Gil is also the co-host of the indomitable podcast STUpodity, where he covers the league through conversations with the greats and the good, including Joba Chamberlain, Greg Cote and Kenny G. As always with Gil, give him the ingredients you you like, and watch it cook.

6) Diante Lee (Athletics)

Football is a complex game, but top analysts at X&O find ways to guide audiences through the maze by making it simple. No one does it better than Lee.

Lee is still a coach and his analysis of the game is designed to teach rather than show his own credentials. Now a mainstay of The Athletic Football Show, Lee eliminates footballers as much as possible while delivering the insight that touches the erogenous zones of every football nerd.

7) Gregg Rosenthal, Dan Hanzus, Marc Sessler (around the NFL)

You can’t separate the three main hosts of the Around the NFL podcast and TV vehicle. Blending humor, analysis and ruthless honesty, the trio have built a true one-stop shop for fans. The show is the UK’s No.1 NFL podcast, drawing fans into the circus tent with glee, before offering insightful observations and updates on the league as a whole. It wouldn’t be an exaggeration to say that the series has done more for the growth of the game internationally than the league sending a Jaguars team to London each fall.

8) Pat McAfee (The Pat McAfee Show)

McAfee has become the go-to for fans and journalists to hear what star players really think. Aaron Rodgers, the NFL’s chief moaner, has a weekly residency/therapy session with McAfee throughout the season.

McAfee’s role is different than anyone else on this list. Part stand-up comedian, part heel, part former gamer, part talk show host, McAfee’s Everyman persona gets those around the game to open up in ways we don’t hear. normally – even if he doesn’t feel he has to push the guests away. Is it journalism? No. Is he trying to be? Of course not. But by allowing players to express themselves unhindered, it has helped break down the barrier between the stars who populate the league and those who watch them.

9) David Samson (nothing personal)

Samson is the former president of the Miami Marlins MLB team, which now hosts Nothing Personal on CBS. Samson is a controversial figure in Florida: he was one of the pioneers of using taxpayer dollars to fund the billionaire owners’ toy, drawing funding for the Marlins stadium from taxpayer dollars. And it’s still used as a sounding board by homeowner groups looking to squeeze as much taxpayer money as possible.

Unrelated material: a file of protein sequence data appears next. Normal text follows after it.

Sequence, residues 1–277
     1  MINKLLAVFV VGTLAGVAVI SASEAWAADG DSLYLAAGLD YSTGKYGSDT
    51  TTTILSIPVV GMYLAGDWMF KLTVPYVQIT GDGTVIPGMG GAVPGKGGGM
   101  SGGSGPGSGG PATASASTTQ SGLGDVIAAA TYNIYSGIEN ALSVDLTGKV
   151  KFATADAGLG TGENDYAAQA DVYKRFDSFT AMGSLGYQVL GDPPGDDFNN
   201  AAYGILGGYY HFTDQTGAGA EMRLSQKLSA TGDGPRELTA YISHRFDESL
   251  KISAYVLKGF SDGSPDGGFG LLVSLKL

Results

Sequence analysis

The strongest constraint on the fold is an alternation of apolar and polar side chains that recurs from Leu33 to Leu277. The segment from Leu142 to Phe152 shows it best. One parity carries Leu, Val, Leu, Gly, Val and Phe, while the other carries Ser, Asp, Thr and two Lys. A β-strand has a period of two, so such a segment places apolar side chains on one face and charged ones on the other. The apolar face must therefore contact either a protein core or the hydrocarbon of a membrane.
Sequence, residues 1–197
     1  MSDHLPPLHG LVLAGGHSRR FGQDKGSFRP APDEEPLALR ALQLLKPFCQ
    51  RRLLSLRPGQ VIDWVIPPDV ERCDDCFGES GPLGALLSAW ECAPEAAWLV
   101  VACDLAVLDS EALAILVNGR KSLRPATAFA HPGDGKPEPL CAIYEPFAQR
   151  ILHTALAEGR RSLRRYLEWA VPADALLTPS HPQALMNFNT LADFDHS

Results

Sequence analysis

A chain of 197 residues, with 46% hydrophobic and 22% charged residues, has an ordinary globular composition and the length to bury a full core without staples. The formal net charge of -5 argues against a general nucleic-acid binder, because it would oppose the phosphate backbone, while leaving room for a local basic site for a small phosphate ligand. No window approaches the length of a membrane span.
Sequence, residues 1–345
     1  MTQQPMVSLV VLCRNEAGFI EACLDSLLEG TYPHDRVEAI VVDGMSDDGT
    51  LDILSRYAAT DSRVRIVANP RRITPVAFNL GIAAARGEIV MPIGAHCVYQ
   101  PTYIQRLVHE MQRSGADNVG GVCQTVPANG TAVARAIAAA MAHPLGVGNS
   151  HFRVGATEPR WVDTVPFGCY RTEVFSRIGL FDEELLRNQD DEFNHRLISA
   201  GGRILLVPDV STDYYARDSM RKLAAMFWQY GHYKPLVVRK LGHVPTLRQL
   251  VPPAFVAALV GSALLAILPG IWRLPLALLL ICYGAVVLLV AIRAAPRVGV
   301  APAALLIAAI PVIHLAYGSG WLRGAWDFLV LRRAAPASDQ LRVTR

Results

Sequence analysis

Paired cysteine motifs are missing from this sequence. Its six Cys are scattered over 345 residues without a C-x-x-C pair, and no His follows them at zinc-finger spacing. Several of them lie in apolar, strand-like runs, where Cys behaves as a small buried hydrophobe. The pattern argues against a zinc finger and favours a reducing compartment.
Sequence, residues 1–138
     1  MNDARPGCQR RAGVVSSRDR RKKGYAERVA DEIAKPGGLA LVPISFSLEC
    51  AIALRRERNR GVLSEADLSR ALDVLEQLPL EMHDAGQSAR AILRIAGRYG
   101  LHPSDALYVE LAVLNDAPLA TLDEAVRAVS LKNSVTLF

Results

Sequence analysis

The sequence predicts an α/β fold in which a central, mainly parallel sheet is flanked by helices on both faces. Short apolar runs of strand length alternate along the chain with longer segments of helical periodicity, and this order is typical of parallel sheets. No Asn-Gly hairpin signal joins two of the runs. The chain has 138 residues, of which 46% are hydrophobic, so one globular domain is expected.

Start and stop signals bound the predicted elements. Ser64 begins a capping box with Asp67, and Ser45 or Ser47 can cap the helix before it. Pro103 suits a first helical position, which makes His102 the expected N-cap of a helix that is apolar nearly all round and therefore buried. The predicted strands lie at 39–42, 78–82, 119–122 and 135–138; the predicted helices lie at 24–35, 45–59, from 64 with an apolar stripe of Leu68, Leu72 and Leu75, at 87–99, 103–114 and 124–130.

Since leaving the Marlins, however, Samson has carved out a niche for himself as the leading voice covering sports affairs and internal franchise operations in the United States and beyond.

Former executives operate under a code of omertà. They don’t want to reveal trade secrets or criticize former colleagues and rivals in case they are invited back into the inner sanctum. Samson is different. He delights in revealing the underside of major sports. Whether it’s internal NFL politics, stadium funding, the dynamics of locker room governance, Samson provides information often hidden from the public.

10) Aqib Talib (Fox/Amazon)

As wages skyrocketed for the second man in the pit, their performance plummeted. Tony Romo spends most of the regular season ringing him, only bringing his A-game for the playoffs. Troy Aikman is solid but unspectacular. Ditto for Cris Collinsworth. Greg Olsen is a rising star at Fox, but one that should be dropped when Tom Brady joins the network.

Talib is the strongest break with the status quo. Its less-than-refined style may not be to everyone’s taste, but it offers a different perspective than traditional game-day vocals. Amazon grabbing Talib for national release was a smart move. He’s already pinched Romo’s playing crown and more than matched the former quarterback’s infectious enthusiasm.